Club suppers and club parties, including Christmas, Halloween and Independence day parties, have slipped into hibernation. With a little effort they could be revived. For the reader of the Club minutes and the ISLANDER from the thirties and forties the highlights were the suppers put on by Wirt Kinsley. In the sixties Nate Roberts barbecued his multitudes of chickens for the workfests and Mary Mulford staged her Christmas parties for the young.
Horseshoes has been a persistent and pleasant pastime on the Island. We had a proper range out behind the Clubhouse until Hurricane Agnes finally wiped it out. The space is available for a possible revival of this Club activity.
Camping is not a thing of the past. But camping in the old style is. The flood of 1985 wiped out the last Island reminder of what was once the Club's major attraction when tent platforms and shacks dominated the upper end of Sycamore -- and proliferated on Ruppert Island as well. Members summered here on the river and commuted to work by canoe or ferry from the Island. Today, as camping continues, it is the special and temporary activity of a member family, a group of friends or a visiting scout troop, girl or boy.
Contemporary Sycamore Programs
As it was in the beginning, and is now, we have the Island's Monthly Meetings. There was a time when we tried to get along with an Annual Meeting, leaving the routine problems to an Executive Board. It didn't work, and we went back to Monthly Meetings, customarily on the second Wednesday of each month. The business segment is usually, though not always -- certainly not during floods and other crises -- long-winded and boring as we ponder details and trivia. The compensations, however, are the warm social exchanges and the beauty of Sycamore at night plus the pleasures provided by the monthly speakers.
We've lost the historic woodfests but we still have the two Workfests, Spring and Fall, that are necessary to open the Island after an icy winter -- in time for the May Whitewater Race -- and to close it down again as the leaves are failing and we are looking for the cold of winter -- snow and ice.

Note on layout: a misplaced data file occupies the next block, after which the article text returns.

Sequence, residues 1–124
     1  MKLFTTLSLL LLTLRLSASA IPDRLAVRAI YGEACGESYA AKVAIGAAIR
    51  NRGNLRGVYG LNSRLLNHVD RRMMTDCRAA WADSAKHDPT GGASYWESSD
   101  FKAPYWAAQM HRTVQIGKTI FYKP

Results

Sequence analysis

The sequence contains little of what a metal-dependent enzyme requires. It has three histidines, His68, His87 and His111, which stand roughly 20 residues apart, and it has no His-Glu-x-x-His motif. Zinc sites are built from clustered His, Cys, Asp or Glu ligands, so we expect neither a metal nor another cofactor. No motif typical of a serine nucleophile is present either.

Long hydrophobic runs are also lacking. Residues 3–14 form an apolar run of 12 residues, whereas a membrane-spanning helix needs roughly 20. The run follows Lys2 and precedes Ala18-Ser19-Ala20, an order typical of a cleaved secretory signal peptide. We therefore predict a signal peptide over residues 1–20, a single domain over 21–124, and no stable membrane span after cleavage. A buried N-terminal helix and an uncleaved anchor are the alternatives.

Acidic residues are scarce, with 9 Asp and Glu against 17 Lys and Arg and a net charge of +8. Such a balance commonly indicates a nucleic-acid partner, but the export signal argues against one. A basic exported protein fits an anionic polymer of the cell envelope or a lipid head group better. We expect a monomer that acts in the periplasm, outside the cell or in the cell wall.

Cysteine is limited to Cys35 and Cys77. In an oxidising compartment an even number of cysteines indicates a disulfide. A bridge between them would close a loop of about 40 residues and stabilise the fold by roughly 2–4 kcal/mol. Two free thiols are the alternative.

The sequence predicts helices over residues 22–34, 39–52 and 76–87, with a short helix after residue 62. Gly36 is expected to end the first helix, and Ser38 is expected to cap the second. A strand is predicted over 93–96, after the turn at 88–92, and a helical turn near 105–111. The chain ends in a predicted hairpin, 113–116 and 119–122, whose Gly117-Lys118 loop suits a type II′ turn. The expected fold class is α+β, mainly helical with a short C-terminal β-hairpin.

Today these 15 activities -- the 12 monthly meetings, the two workfests and the Whitewater Race are the only regularly scheduled Club activities. Of course, they are expanded in times of crisis, such as for flood cleanups. Informal activities, however, abound. And these are what make the Club for us today.
The most frequent, and least reported, of these activities, or programs, are the family outings -- picnics, swims, canoe trips up and down the quiet waters of Broadwater, skating in the winter and the like. Pool and billiards too. Horseshoes and croquet.
On a more organized basis, but still informal, groups of Islanders and friends come down to take advantage of the volley ball -- the successor to our tennis courts. So long as they do not occur on weekends or holidays, there is no need for pre-planning. So long as the Caretaker is aware of the players pending arrival and is available to provide ferry transportation, these outings can occur on the spur of the moment.
Art sessions too -- painting and sculpting -- have been on-going Island activities, the programs of members and friends.
Large Parties, announced in advance when they occur on weekends or holidays, range from wedding celebrations and school picnics to Easter egg hunts, to office or association get-togethers and to memorial services. Since the time when the Club used to host the Black Knights, the Saengerbund, the Hessians and the Martha Washington Club, the Club has always been an attractive sanctuary in its river setting.